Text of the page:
About the kids, the real kids, before I continue with the Vegas event. Jake is 15. Keith is 17. The pro game can be a tough road for a kid. It's demanding and there are no excuses. Ever. Neither one of them has a spot because they are the greatest thing since sliced bread--but they do have skills and very few bad habits. They also have a wheelbarrow full of intangibles. And as a team we have a basic philosophy that values time spent together as a team which means no long distance players. (But what about J-Rab? I've known Justin for a while, as have some of our guys and since practice wasn't an issue for 7-man and I knew there wouldn't be any chemistry or ego issues it was a no-brainer really.) Back to the kids.
With Jacob we knew what we were getting before we made the decision to pick him up. Keith has been more of a positive surprise given that we picked him up out of necessity. Both of them are teachable. They are paintball smart. They are resilient. They are willing to fill a role. And they are grateful for the opportunity instead of assuming somehow it's what they deserve. (That comes later.) And they play without fear (for the most part). I didn't green light Jake's pick-up until I watched him practice the Russians for the first time. A couple of quick examples and then I'll move on. In Vegas Keith was our lead snake player. He's been practicing with us for Cup for about a month now but this was his first pro tournament experience and all the teams were focusing on killing that first snake player on Sunday. Saturday he'd had a lot of success making the snake (but not always staying alive). After every mistake he patiently listened to ways to play better. Sunday was a lot tougher. Part way through the day I took him aside to see how he was handling things and told him that even when he got shot he was still contributing to the team's success by setting the tone for how we wanted to compete. And by the end, in our third game in the finals against Blast he made the snake otb and pushed hard into their end of the snake with Bryan right behind him as the guys powered their way to a third consecutive NPPL victory.
In DC I had to sit Jake a large chunk of Sunday. He got off to a tough start and just couldn't seem to pull it together. He struggled with the decision but understood and took it like a man. Sunday in Vegas looked like it might turn out the same way but it didn't because Jake had taken the DC experience to heart. With more experience under his belt this time around he knew how to stay mentally tough and focused, not on the last game but on the next game.
After Saturday's relative ease Sunday was a wake-up call for everybody. All the teams knew how they wanted to play the field on Sunday and what they wanted to deny their opponent's which made for a few drawn out games with every contest, long or short, a furious pitched battle. Halfway thru nobody was dominating. We were in a position where if we won out our final three we assured a spot as we would also be delivering losses to some of our closest competition. Needless to say it didn't work out that way. We beat Impact for a little breathing room and then got swamped by Blast which left us closing out the day against Infamous and uncertain where we would stand when it was all said and done.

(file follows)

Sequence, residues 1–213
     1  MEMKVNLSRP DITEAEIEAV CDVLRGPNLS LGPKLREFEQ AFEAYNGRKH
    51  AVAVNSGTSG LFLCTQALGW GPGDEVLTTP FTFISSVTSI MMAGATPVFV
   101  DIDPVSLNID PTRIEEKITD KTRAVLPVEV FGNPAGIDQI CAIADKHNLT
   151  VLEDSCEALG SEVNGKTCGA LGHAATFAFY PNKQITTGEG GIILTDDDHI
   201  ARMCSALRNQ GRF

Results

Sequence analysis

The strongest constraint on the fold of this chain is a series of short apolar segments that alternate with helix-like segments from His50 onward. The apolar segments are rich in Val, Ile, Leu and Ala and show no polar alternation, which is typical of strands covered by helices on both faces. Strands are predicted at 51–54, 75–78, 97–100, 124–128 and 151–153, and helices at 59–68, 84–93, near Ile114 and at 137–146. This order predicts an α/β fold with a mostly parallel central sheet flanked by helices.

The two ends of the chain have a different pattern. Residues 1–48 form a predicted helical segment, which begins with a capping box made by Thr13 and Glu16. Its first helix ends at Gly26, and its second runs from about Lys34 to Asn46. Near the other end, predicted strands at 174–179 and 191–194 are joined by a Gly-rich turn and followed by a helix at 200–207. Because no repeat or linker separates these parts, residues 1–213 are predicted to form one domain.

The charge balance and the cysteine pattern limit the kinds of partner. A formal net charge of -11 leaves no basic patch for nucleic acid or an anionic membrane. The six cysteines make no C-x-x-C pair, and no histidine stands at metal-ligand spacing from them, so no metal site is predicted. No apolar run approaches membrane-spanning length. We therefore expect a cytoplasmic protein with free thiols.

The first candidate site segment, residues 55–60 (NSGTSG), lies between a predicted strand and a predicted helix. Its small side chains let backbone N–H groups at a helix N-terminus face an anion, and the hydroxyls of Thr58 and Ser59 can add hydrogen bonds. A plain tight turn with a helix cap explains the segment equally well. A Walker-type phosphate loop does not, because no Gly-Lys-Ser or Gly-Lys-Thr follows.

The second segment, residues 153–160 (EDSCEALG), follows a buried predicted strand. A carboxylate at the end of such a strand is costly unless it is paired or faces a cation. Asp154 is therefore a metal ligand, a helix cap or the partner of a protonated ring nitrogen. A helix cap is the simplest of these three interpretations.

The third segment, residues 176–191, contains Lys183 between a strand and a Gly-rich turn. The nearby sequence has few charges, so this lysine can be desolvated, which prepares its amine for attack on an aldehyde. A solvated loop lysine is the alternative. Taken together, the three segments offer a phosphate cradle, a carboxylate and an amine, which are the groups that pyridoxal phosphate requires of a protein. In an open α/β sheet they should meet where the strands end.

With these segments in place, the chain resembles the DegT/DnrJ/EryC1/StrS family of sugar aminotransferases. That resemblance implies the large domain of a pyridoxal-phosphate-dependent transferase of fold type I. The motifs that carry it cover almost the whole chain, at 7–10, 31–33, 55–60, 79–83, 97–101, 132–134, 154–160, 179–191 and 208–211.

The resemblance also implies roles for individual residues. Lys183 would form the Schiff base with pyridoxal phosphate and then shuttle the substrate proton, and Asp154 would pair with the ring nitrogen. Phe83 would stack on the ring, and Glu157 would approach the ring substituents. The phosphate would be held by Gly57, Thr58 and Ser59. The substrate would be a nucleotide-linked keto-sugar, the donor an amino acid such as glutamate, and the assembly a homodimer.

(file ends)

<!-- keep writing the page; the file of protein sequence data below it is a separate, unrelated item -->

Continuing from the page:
As the final decisive games were being played in the Quarters only Bart (from Impact) was trying to keep precise scores including the body count. (I'd given up for Vegas as it hadn't mattered all year. Oops.) As a result nobody was certain who was going through to the semis and who wasn't given there were five teams that went 4-3. Everyone in contention converged on the registration tent where the official scores were being tallied only to discover they were two games behind. Within minutes of our unruly mob showing up we had the official news. Impact, us, Avalanche & Blast were through and Arsenal was out. By 4 points. One body. With the total point spread from 1st to 5th being only 23 points. Impact played Blast and we played Avalanche in the semis with the series championship not settled until we moved to the finals and Impact didn't. The final was 3 hotly contested games under the lights as the day had run long--and the rest you know. The awards ceremonies tend to be kinda anti-climactic coming as they do, tacked on to the end of the event, usually after the majority are long gone so I'd like to thank everyone who stayed to cheer all the winners. Thanks!
One other thing. I hear from an unimpeachable source that Rich (of XSV & Rich Telford's Wide World of Paintball magazine) did an impeccable job assisting Nicky the T with the webcast. And at one point commented tongue-in-cheek that we were doing well because the layout for Vegas was one of my designs. I wish. The truth is the design committee wouldn't pick one of my designs unless it had Rich's or Travis's name on it.
VFTD regulars will likely know I'm not a big fan of parking lot paintball but Vegas is growing on me. (Although I still worry about all the distractions.) And winning doesn't hurt but it's more than that. Whatever else might be said of this second season for NPPL 3.0 the league has learned and improved from its inaugural event until today with every indication they are poised to continue moving forward with a third season. Held together by a lot of voluntary effort and buoyed by the developing relationship with G4 the NPPL continues to overcome assorted obstacles. Next year promises to bring another Vegas and HB along with a second *special* HB event. Can they pull it off? Honestly I'm not convinced but I am astonished at the determination and effort that has kept NPPL 3.0 going to date and all credit to those members of the league who have put in all the work and effort.